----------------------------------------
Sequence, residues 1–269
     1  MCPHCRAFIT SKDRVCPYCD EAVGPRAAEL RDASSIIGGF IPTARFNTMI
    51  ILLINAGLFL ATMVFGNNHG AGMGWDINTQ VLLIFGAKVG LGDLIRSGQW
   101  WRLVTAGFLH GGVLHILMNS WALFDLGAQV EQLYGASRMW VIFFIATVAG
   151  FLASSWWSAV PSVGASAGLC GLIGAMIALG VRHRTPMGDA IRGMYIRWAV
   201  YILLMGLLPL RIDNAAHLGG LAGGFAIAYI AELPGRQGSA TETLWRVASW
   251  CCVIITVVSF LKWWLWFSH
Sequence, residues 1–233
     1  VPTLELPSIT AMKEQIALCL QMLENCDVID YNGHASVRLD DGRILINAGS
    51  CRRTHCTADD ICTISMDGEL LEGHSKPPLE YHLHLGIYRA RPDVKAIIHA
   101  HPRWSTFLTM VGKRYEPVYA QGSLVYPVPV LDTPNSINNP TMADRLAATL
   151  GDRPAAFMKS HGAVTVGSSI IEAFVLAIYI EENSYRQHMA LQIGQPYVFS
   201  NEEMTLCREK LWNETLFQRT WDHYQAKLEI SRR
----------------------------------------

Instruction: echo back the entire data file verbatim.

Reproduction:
Sequence, residues 1–269
     1  MCPHCRAFIT SKDRVCPYCD EAVGPRAAEL RDASSIIGGF IPTARFNTMI
    51  ILLINAGLFL ATMVFGNNHG AGMGWDINTQ VLLIFGAKVG LGDLIRSGQW
   101  WRLVTAGFLH GGVLHILMNS WALFDLGAQV EQLYGASRMW VIFFIATVAG
   151  FLASSWWSAV PSVGASAGLC GLIGAMIALG VRHRTPMGDA IRGMYIRWAV
   201  YILLMGLLPL RIDNAAHLGG LAGGFAIAYI AELPGRQGSA TETLWRVASW
   251  CCVIITVVSF LKWWLWFSH
Sequence, residues 1–233
     1  VPTLELPSIT AMKEQIALCL QMLENCDVID YNGHASVRLD DGRILINAGS
    51  CRRTHCTADD ICTISMDGEL LEGHSKPPLE YHLHLGIYRA RPDVKAIIHA
   101  HPRWSTFLTM VGKRYEPVYA QGSLVYPVPV LDTPNSINNP TMADRLAATL
   151  GDRPAAFMKS HGAVTVGSSI IEAFVLAIYI EENSYRQHMA LQIGQPYVFS
   201  NEEMTLCREK LWNETLFQRT WDHYQAKLEI SRR